The power of small change

To clear up any confusion that the title may cause – this article is not about the collective clout of 5 and 10 pence pieces.

There aren’t many people I’ve ever met who appear to relish the prospect of change. We are, after all, creatures of habit and we tend to be comfortable with what we know. I like my coffee a certain way – quite strong, black with one sugar. If we order from the take away then I’ll almost always choose the same meal. If it’s from the Indian menu then it’s going to be Lamb Tikka Masala; and if it’s from the Chinese one then I’m having the Special Chow Mein.

Not everything needs to change does it? Some things are fine if they stay just as they are.

But when a change has been required what I’ve discovered is the bigger the effort to make the change the less likely I am to actually see it through. Whereas, when I have applied small changes, over time, I’m much more able to see the change through.

The fortune cookie wisdom on the subject can be found in countless little sayings like – “How do you eat an elephant? One bite at a time.”  Famously, back in the late 1970’s a man named Michel Lotito even ate an airplane! Over a two year period, breaking the parts down into tiny pieces and consuming lots of lubricating oil at the same time, he ate a whole Cessna 150! I’m happy with my Chow Mein, thanks.

To quote Jim Rohn, “I used to say, 'I sure hope things will change.' Then I learned that the only way things are going to change for me is when I change.” 

I follow that same sound advice myself these days and what that means in practice is that instead of worrying and fretting over the things I cannot change – as years ago I always used to do - I concentrate instead on changing ME. I found it worked really well in relation to what you believe about the type of person you are and the actions that stem from that.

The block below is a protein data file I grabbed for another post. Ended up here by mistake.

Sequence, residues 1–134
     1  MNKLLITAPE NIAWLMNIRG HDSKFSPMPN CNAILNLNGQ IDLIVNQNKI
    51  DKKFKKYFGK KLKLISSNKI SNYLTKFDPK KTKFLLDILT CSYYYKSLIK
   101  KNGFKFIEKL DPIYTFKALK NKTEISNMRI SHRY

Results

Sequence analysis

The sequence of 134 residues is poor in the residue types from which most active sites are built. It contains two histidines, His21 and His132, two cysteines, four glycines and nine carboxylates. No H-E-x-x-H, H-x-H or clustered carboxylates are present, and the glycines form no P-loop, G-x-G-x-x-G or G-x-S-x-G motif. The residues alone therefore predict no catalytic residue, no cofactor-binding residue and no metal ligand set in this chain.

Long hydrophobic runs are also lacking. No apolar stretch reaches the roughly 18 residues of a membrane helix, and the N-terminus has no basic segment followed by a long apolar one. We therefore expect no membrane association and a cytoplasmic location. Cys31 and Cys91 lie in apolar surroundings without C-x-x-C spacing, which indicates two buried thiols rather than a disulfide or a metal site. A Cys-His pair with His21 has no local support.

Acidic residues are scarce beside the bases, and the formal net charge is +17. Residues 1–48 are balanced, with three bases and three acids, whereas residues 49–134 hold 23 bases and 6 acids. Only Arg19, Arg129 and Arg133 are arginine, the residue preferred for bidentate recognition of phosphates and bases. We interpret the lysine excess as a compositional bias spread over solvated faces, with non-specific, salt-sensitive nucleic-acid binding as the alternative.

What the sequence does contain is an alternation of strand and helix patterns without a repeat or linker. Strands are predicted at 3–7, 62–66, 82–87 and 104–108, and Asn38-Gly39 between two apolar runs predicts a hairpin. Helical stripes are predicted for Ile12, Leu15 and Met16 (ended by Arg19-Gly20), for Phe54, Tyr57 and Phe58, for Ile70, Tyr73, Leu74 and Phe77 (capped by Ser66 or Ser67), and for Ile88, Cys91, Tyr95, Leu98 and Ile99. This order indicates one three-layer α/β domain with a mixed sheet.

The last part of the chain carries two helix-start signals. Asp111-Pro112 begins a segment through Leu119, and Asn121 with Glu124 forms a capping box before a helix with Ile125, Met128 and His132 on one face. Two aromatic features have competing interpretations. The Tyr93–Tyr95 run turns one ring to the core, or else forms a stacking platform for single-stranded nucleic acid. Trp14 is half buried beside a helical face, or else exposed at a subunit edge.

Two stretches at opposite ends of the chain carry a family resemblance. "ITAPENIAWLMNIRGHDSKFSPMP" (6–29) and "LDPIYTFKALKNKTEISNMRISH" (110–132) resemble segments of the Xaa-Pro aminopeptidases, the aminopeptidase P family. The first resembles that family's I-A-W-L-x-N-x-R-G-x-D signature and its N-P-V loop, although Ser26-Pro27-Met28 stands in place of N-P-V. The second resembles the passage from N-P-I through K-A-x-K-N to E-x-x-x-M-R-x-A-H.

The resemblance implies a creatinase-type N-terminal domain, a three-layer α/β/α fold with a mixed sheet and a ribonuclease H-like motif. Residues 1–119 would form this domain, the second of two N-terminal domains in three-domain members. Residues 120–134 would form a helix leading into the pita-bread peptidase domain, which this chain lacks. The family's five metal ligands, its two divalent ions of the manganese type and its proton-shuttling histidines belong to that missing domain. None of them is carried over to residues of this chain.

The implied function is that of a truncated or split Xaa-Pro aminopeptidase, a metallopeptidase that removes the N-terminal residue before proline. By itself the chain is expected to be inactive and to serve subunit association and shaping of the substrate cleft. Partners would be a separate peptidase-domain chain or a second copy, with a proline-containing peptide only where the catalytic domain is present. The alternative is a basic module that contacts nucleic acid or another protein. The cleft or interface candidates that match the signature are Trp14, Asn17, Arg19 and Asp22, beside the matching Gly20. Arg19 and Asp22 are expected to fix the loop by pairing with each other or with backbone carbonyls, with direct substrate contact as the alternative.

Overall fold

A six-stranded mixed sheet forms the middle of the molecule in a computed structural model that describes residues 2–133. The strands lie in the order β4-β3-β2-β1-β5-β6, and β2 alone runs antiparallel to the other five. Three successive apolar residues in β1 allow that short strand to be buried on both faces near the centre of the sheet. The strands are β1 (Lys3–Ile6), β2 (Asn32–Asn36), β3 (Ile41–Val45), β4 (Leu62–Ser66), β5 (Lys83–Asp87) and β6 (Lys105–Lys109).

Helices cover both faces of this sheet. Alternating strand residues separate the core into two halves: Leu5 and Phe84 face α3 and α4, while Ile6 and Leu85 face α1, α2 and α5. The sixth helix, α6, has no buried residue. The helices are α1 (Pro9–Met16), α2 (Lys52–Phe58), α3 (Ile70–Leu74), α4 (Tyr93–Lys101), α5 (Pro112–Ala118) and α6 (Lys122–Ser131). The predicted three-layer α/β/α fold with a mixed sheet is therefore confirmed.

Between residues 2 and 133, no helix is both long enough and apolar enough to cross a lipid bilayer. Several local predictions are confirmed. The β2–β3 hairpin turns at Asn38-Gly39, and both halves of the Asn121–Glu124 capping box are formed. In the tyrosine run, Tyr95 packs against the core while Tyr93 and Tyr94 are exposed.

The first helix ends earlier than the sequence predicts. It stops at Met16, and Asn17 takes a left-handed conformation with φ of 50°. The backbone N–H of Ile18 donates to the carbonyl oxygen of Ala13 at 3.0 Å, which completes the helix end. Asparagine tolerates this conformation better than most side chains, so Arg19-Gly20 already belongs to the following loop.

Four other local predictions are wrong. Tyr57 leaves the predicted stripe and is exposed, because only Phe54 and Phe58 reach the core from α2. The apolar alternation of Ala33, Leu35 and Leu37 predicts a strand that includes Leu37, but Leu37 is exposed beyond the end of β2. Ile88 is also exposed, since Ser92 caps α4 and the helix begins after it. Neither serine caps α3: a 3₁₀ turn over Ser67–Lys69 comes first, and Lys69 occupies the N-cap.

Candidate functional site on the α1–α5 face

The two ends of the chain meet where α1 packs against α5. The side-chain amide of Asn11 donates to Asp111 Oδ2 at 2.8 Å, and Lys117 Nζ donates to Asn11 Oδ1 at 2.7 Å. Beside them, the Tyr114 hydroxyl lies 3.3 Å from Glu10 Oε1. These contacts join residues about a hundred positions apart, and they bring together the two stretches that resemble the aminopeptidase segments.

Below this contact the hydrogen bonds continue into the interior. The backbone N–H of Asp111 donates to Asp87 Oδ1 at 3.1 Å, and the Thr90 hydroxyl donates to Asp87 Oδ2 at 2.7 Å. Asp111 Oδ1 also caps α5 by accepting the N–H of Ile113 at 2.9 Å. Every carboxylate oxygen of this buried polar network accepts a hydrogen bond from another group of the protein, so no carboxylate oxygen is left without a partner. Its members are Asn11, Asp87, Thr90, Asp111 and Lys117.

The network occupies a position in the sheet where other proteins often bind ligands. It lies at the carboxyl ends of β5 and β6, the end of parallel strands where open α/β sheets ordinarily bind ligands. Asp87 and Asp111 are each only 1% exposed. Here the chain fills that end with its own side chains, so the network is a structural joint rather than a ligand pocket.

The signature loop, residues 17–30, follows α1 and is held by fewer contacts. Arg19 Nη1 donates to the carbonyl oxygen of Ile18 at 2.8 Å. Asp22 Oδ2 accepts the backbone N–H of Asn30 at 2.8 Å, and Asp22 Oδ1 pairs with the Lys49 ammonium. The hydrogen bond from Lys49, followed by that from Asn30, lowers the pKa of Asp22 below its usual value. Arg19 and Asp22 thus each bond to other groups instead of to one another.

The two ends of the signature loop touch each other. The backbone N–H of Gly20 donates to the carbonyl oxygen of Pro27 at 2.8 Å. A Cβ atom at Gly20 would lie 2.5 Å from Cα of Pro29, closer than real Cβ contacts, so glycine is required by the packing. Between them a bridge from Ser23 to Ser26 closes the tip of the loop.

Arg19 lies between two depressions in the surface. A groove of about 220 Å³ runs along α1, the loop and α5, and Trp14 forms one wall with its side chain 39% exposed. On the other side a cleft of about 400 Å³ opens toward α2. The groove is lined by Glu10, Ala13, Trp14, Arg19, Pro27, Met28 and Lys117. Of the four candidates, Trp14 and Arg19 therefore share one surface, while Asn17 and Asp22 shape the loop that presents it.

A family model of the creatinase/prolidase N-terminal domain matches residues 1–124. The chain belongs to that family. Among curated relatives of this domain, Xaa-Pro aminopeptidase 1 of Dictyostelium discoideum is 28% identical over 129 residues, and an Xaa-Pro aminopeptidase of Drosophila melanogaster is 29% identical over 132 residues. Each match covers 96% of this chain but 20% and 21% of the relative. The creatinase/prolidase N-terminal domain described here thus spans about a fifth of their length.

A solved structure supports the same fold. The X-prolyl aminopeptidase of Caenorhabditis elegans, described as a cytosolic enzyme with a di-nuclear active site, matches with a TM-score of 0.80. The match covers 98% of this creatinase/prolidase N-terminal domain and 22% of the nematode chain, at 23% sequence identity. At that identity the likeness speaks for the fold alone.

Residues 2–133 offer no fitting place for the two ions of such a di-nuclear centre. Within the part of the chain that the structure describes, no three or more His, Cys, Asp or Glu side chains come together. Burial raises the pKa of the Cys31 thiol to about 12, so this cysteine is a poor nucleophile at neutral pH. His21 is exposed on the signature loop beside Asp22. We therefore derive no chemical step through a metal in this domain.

For instance, are there any characteristics that you would like to change about you – for example, to have more self-belief, to be more confident, to be more focused on achieving goals, to be a kinder person, to be a more effective public speaker? Why not take some time to really think about it and commit these traits to paper? Then dwell on those characteristics and go to work on you, every day, until they are your reality. I know it sounds odd – but it is effective!

These small changes really result from different choices and, whilst they might not be earth shattering at the time, they add up over the long haul.

If you don’t believe me then take the word of the man who has led British Cycling to a golden era of success. Over the last few years Sir Dave Brailsford has championed the concept of what he calls “the aggregation of marginal gains” or the power of small change!

The idea, according to Sir Dave, is to look for “a one percent margin for improvement in everything you do.” For Brailsford and his team that meant focusing on the more obvious areas such as training, nutrition and equipment. Together with seeking for small changes in every other factor that might provide an opportunity for a small improvement. The results have equalled a truly remarkable improvement in performance resulting in Gold medal Olympic success and three Tour De France victories. Incredible!

Here’s a classic little tale about change that might resonate with you (or someone you know maybe?).

One night at sea a ship’s captain saw what he thought were the lights of another ship heading toward him, so he had his signal man blink to the other ship the message:

“Change your course ten degrees south.”

The reply came back “Change your course ten degrees north.”

The ship’s captain answered “I am a captain. Change your course south.”

Another reply came back “Well, I’m a seaman first class. Change your course north.”

By this time the captain’s angry and sends the message “I order you to change your course because I’m on a battleship.”

To which the reply came back “I still suggest you change course because I’m in a light house!”

What one small change that you’ve been putting off, taken in bite sized chunks over a period of time would alter the course of your life in a positive way? Think about it and then more importantly choose to do something about it! Take immediate action.

On this occasion the final thought goes to a truly remarkable example of what the human spirit is capable of when it comes to one individual making a difference on an epic scale:

“You must be the change you wish to see in the world.” Mahatma Gandhi.